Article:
Work-to-family conflict and the family dinner: What makes a difference?

Eunae Cho, Tammy D. Allen

Research output: Contribution to journalArticlepeer-review

9 Citations (Scopus)


Despite the abundant benefits that have been associated with family meals, families report that they share fewer meals together than in the past. Although parents' work (e.g., work hours) is recognized as a barrier to family meals, the role of the individual in determining family meal frequency has received relatively little attention. With this in mind, this study investigated two important person factors that may aggravate or attenuate the negative relationship between work-to-family conflict (WTFC) and family dinner frequency using survey data from employed parents (n =206). Specifically, parents' negative affectivity (NA) and family meal atmosphere were examined as moderators. As hypothesized, the relationship between WTFC and family dinner frequency was stronger for high-NA individuals than for low-NA individuals. However, no support was found for the moderating role of family meal atmosphere. Findings suggest that WTFC may be more deleterious for high-NA individuals due to their tendency to strongly react to stressors and highlight the necessity to consider both situational and individual factors in understanding work-family experiences.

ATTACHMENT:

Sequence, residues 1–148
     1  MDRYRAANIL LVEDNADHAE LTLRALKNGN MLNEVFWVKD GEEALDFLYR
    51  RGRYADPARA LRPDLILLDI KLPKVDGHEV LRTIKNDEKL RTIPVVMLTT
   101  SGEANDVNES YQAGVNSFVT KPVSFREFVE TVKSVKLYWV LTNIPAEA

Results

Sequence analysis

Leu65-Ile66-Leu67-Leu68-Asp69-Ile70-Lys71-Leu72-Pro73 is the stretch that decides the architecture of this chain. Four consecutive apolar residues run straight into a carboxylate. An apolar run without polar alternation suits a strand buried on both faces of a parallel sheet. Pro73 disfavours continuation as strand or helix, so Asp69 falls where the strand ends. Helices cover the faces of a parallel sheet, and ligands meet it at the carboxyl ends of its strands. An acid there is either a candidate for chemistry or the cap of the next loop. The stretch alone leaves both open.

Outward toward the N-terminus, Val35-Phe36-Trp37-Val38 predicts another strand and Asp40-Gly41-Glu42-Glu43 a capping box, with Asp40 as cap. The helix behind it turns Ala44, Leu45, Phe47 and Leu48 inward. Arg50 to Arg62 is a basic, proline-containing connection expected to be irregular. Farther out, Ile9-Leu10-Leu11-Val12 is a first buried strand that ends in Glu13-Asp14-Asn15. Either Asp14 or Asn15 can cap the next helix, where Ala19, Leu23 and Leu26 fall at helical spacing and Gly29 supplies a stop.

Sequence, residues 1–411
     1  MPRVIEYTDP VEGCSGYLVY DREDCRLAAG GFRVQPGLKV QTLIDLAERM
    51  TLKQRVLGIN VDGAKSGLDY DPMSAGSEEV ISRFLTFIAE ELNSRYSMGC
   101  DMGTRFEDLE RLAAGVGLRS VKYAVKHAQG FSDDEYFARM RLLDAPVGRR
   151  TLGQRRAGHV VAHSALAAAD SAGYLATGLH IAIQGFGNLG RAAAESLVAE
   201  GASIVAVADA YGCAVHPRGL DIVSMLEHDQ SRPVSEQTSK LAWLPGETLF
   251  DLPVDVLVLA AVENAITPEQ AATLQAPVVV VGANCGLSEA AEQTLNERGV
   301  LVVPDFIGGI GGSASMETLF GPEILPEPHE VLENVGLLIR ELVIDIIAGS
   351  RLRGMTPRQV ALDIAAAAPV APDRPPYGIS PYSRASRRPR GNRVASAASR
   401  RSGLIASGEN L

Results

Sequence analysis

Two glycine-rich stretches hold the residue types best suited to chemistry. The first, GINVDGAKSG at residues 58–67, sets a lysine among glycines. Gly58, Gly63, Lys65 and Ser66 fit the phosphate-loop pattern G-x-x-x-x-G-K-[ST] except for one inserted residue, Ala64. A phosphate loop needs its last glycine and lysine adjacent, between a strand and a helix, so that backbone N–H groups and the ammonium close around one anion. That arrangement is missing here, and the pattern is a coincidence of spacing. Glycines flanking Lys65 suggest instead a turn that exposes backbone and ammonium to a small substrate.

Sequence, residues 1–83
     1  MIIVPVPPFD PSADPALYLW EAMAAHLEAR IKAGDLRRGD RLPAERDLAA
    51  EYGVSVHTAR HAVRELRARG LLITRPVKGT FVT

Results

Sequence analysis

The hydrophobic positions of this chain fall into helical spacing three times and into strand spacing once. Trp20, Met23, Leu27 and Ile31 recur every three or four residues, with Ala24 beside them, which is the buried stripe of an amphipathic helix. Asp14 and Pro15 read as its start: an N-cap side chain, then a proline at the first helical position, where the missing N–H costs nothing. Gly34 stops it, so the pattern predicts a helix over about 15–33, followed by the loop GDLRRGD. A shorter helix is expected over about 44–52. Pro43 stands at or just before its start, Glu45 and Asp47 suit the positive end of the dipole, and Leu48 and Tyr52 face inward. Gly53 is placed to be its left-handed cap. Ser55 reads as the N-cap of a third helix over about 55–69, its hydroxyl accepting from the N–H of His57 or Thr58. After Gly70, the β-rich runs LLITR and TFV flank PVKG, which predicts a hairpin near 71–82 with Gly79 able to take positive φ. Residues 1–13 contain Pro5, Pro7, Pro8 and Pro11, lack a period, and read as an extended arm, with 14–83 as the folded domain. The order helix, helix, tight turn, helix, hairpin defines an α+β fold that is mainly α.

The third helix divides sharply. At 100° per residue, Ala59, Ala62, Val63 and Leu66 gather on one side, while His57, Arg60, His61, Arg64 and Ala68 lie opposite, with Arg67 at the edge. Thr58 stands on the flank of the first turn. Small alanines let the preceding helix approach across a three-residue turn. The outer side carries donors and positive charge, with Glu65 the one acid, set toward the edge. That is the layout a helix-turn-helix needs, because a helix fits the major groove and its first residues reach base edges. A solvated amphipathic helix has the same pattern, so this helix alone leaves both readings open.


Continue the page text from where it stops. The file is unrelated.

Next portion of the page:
Original languageEnglish
Pages (from-to)88-99
Number of pages12
JournalCommunity, Work and Family
Issue number1
Publication statusPublished - Feb 2013
Externally publishedYes


  • family dinner
  • family meal atmosphere
  • negative affectivity
  • work-to-family conflict

ASJC Scopus subject areas

  • Development
  • Sociology and Political Science
  • General Social Sciences


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